Strategy in the Age of Earthquakes

By Media Insights Archives
Cover image for  article: Strategy in the Age of Earthquakes

The old saying "May you live in interesting times" holds special resonance today. Over the past 18 months we have experienced many "interesting" cultural shifts from a global pandemic that impacted how we work, study and play to a reckoning around social justice to a rise in global authoritarianism and even a Capitol insurrection. The relevant question for us is, how do all of these events impact our industry?

Kofi Amoo-Gottfried, Vice President of Marketing at DoorDash and The Martin Agency's Chief Strategy Officer Elizabeth Paul sat down for a virtual fireside chat at the recent 4A's Stratfest to discern our future as they delved into our past.

Sometimes, like in New Zealand in 1931, an earthquake of high magnitude can change the topography of the land to such a degree that new maps have to be drawn post-quake. "It is a story that we find ourselves in today," Paul began. "We are in the midst of a cultural earthquake … In many ways it is an age of earthquakes and I believe that strategists, as students and shapers of culture, have a unique role to play in what comes next." To that end, Paul and Amoo-Gottfried discussed the three fault lines for agencies and marketers going forward.

Fault Line No. 1 -- Fixed Versus Fluid

Taking the earthquake analogy one step further, Paul outlined three fault lines in our industry. "The first tension or fault line is Fixed versus Fluid," she explained, requiring a decision of what to hold onto and what to change.

For Amoo-Gottfried, it is a careful consideration path. "When you look at businesses over time, in the midst of chaotic change, it's really hard to figure out the things that you want to hold onto," he said. "The things that don't change -- your North Star, your purpose as a business, why you exist and what problem you are trying to solve for people -- that part of it won't change, but the 'how' of it will change." It is vital to be clear about your purpose. "The playbooks over the past 18 months have changed," he noted. "We had to pivot … a map is not as useful in an earthquake but a compass helps." And clarity of mission is vital.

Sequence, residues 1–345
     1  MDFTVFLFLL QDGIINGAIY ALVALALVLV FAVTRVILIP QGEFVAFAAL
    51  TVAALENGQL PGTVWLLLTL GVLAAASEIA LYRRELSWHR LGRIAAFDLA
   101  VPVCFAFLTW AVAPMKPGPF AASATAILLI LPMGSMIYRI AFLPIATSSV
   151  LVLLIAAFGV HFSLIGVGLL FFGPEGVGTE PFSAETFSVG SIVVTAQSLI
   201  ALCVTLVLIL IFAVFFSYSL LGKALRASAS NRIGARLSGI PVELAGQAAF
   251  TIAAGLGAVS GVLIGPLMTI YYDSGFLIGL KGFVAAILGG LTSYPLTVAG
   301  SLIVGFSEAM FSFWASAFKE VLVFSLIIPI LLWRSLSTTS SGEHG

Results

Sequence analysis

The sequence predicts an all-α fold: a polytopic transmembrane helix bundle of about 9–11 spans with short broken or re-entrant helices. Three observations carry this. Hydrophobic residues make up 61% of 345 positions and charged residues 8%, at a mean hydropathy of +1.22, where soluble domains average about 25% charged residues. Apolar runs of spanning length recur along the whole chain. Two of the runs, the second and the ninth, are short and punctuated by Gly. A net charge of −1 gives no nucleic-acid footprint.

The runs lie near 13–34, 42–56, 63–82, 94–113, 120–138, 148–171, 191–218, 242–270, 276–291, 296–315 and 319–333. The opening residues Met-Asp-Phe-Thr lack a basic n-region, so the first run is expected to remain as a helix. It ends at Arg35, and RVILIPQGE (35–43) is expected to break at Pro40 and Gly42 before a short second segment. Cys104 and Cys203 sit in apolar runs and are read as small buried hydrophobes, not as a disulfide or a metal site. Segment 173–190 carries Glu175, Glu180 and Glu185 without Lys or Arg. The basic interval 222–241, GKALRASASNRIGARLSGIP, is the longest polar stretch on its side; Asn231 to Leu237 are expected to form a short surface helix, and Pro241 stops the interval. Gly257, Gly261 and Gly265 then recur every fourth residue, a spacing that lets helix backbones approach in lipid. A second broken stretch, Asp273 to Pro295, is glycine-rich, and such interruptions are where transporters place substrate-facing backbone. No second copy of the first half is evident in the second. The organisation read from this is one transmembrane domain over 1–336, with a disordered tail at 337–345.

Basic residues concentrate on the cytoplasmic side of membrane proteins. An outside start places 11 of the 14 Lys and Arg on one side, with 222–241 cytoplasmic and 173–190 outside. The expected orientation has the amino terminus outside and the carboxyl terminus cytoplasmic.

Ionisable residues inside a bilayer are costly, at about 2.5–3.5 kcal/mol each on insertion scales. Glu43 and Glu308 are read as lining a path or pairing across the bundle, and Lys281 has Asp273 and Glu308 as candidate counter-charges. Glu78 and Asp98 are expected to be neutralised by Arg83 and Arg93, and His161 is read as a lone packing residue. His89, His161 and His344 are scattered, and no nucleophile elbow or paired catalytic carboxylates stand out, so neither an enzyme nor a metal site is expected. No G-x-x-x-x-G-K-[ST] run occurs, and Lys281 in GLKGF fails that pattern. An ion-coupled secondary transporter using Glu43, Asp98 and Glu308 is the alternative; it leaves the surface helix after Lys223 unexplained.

Fault Line No. 2 -- Selling versus Serving

"The second fault line is Selling versus Serving," Paul stated. "A lot of marketers now, because of the pressures that everyone is feeling to make sales in a shifting economy, are shifting their sales down funnel to optimize conversion."

Amoo-Gottfried responded that his company, DoorDash, looks at tensions not as impediments but as ways to work through a process to a company's advantage. "My philosophy is that brands matter only insofar that they solve problems for people," he said. "Ultimately, our job is to figure out what people need and how do we show up to meet that need and how do we serve that need. And if we do that consistently, the bottom line always, inevitably, takes care of itself." These needs have changed over the past 18 months and continue to evolve. The challenge is to keep up with these changing needs and respond effectively.

Fault Line No. 3 -- Speed Versus Craft

Paul's third fault line, Speed versus Craft, concerns the need for speed in a vastly accelerating environmental pace. But does a fast pivot serve the company and the consumer? "There have been times when pressures have done amazing things for us as an industry," she explained. "They forced us not to overthink things. They forced us to do things that are right in the moment to be responsive to our audiences and to be responsive to culture. But obviously from a crafts standpoint there are times when the threadbare nature of having to move quickly can really show."

How can one balance speed and craft? "This is really hard," Amoo-Gottfried admitted. "At some level this is a genuine tension. I can't claim to have figured it out. I don't think we have. I will say that some of the best work that DoorDash did last year was done very fast." Indeed, the campaign Open for Delivery was done in six days! "It wasn't six days for the sake of it," he stated. "It was six days because we all felt that it was of imperative importance to get that work out in the world as soon as possible so that businesses could continue to operate. It is important to figure out what is driving that speed."

Future of Work

Arguably the one thing that the industry is not discussing, according to Amoo-Gottfried, is burnout. In the past 18 months the pace of work has accelerated and the degree of change in how we approach work and personal commitments has never been greater. "[We are] carrying a psychic cost of living in the pandemic, of living through a racial reckoning, living through MeToo," he noted. "Whatever it is that is going on, there is a mental cost to our teams having to negotiate that tension. The challenge is to figure out how to get around that work-life balance."

According to Paul, the future of work must not focus on structure -- remote versus live in-office, for example. People are going through a trauma. "People don't process trauma in the trauma," she explained. "They process later when they get to a safe place. As much as it is the natural question to ask, because we all want certainty, the real question is how you care for people in the midst of shaking and what do you need?

"They need a compass instead of a map, they need community, they need a connecting story and people need compassion," she concluded.

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